The nightingale describes the young student as a "true lover", and admires him for :
His hair is dark as the hyacinth-blossom, and his lips are red as the rose of his desire; but passion has made his face like pale ivory, and sorrow has set her seal upon his brow.”
The student characterizes the nightingale's from her singing:
“She has form,” he said to himself, as he walked away through the grove—“that cannot be denied to her; but has she got feeling? I am afraid not. In fact, she is like most artists; she is all style, without any sincerity. She would not sacrifice herself for others. She thinks merely of music, and everybody knows that the arts are selfish. Still, it must be admitted that she has some beautiful notes in her voice. What a pity it is that they do not mean anything, or do any practical good.”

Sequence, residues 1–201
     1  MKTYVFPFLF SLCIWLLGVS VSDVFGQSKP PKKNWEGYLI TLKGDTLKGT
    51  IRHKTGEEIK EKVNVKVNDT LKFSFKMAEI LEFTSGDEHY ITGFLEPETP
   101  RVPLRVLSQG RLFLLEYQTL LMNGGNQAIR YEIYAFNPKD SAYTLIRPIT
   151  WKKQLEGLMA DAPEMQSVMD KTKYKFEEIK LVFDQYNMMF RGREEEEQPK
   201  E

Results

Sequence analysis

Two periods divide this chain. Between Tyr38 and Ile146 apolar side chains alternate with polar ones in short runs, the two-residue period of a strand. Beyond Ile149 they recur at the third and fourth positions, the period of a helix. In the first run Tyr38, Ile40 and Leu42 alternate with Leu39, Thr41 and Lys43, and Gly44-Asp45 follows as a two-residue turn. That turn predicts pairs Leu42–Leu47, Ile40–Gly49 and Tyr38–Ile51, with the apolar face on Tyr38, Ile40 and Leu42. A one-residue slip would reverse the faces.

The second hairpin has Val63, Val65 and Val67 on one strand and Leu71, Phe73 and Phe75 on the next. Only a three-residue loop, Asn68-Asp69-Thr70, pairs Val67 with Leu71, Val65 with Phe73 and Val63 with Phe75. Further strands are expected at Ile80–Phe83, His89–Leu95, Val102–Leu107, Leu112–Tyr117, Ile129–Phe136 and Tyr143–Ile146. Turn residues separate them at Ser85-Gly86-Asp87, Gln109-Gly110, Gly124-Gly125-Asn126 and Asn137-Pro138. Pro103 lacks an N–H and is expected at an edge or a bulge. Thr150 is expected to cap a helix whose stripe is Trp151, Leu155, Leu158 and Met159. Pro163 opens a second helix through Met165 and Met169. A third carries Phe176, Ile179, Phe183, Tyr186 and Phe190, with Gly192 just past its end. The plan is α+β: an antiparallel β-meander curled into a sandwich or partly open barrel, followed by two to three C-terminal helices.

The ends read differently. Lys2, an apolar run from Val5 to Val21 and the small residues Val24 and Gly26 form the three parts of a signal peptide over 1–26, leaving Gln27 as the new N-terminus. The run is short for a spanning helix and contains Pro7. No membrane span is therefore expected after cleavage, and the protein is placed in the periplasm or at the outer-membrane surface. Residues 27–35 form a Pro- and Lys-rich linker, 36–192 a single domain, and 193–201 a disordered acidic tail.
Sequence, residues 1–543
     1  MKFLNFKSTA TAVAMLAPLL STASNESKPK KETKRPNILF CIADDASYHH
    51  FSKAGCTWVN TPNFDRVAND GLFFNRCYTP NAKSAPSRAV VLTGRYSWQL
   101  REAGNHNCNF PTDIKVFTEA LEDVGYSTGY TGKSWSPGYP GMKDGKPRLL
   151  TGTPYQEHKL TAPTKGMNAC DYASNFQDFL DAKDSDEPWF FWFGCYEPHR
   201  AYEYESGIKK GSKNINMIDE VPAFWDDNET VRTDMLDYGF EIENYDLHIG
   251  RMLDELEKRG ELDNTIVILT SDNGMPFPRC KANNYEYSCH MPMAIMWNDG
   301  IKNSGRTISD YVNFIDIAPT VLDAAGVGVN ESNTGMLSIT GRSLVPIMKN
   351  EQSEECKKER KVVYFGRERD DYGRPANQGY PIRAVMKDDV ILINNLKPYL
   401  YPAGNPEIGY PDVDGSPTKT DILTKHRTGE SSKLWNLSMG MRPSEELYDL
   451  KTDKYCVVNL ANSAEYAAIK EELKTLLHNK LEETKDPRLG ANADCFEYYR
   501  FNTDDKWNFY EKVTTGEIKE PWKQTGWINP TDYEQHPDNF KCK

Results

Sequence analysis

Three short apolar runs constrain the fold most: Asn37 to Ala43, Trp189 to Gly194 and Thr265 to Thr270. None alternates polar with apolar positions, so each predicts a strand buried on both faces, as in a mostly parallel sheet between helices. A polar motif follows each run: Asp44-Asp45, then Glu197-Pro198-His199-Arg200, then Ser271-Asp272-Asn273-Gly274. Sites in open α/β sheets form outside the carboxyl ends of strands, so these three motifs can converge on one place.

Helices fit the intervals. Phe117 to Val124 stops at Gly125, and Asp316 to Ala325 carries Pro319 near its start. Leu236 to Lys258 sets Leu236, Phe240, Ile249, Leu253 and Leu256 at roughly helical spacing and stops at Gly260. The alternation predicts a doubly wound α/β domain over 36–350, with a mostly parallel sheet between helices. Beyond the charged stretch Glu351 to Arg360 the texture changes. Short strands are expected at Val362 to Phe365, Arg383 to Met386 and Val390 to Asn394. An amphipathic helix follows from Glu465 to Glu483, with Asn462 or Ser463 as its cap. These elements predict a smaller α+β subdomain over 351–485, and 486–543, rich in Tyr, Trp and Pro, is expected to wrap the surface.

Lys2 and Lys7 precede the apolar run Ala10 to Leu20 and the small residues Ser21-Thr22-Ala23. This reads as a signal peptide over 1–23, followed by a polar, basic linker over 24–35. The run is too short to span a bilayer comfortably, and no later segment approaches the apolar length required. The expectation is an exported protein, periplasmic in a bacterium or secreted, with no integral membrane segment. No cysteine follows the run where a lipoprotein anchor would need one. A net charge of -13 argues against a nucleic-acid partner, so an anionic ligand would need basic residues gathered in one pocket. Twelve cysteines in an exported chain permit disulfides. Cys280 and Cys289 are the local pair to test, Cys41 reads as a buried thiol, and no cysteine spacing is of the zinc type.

This means that the shallowness of the student is such that he even gave artistic criticism to the altruistically generous singing of the bird.
The female is just as shallow as the student. We do not get a clear characterization of hers except for the fact that the student calls her "Ungrateful" (and dully so), and that she had preferred the jewels and the company of the Lord Chambertain's nephew to the dance, disregarded the rose, and left the student jilted and angry.